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Fiscal Policy in Real Time

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  • Jacopo Cimadomo

Abstract

In this paper we argue that any assessment on the intentional stance of fiscal policy should be based upon all the information available to policymakers at the time of fiscal planning. In particular, real-time data on the discretionary fiscal policy “instrument”, the structural primary balance, should be used in the estimation of fiscal policy reaction functions. In fact, the ex-post realization of discretionary fiscal measures may end up to be drastically different from what intentionally planned by fiscal authorities in the budget law. If this is the case, and if revision errors in the policy indicator are correlated with the ones in the regressors, it is shown that commonly used estimators become biased possibly inducing a misleading judgement on the policy stance. We derive the functional form of that bias and, based on empirical second-order moments, we are able to accurately predict the potential impact of using revised data in the evaluation of the ex-ante stance of fiscal policy. When fiscal policy rules are estimated on real-time data, our results indicate a counter-cyclical stance in OECD countries, especially during economic expansions. This contrasts with conventional findings based on revised data, which point to fiscal policy acyclicality or pro-cyclicality, and with Forni and Momigliano (2005) who employ real-time data for the output gap and find countercyclicality, but just in recessions. Further, we test whether threshold effects might be at play in the reaction of fiscal policy to the economic cycle and to debt accumulation. It emerges that the intentional cyclical behavior of fiscal policy is characterized by two regimes, and that the switch between them is likely to occur when output is close to its equilibrium level. On the other hand, the use of revised data does not allow to identify any threshold effect.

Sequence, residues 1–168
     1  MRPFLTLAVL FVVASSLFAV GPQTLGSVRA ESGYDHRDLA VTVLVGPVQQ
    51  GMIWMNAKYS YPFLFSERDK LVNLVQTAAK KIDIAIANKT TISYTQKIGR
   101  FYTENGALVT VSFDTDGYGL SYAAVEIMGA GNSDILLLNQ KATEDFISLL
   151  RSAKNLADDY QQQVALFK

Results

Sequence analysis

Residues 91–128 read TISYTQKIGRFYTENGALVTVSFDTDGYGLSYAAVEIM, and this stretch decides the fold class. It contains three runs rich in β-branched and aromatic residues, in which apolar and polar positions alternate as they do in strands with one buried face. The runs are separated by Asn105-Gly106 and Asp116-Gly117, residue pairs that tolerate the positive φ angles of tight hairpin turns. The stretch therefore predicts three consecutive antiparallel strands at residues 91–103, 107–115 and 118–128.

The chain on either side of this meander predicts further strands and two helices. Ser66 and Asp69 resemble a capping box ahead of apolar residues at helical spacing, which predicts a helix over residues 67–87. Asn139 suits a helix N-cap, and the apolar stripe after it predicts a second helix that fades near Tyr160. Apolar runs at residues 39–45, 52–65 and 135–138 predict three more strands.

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File URL: http://hdl.handle.net/10.1111/j.1467-9442.2012.01697.x
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Bibliographic Info

Article provided by Wiley Blackwell in its journal Scandinavian Journal of Economics.

Volume (Year): 114 (2012)
Issue (Month): 2 (06)
Pages: 440-465

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Handle: RePEc:bla:scandj:v:114:y:2012:i:2:p:440-465

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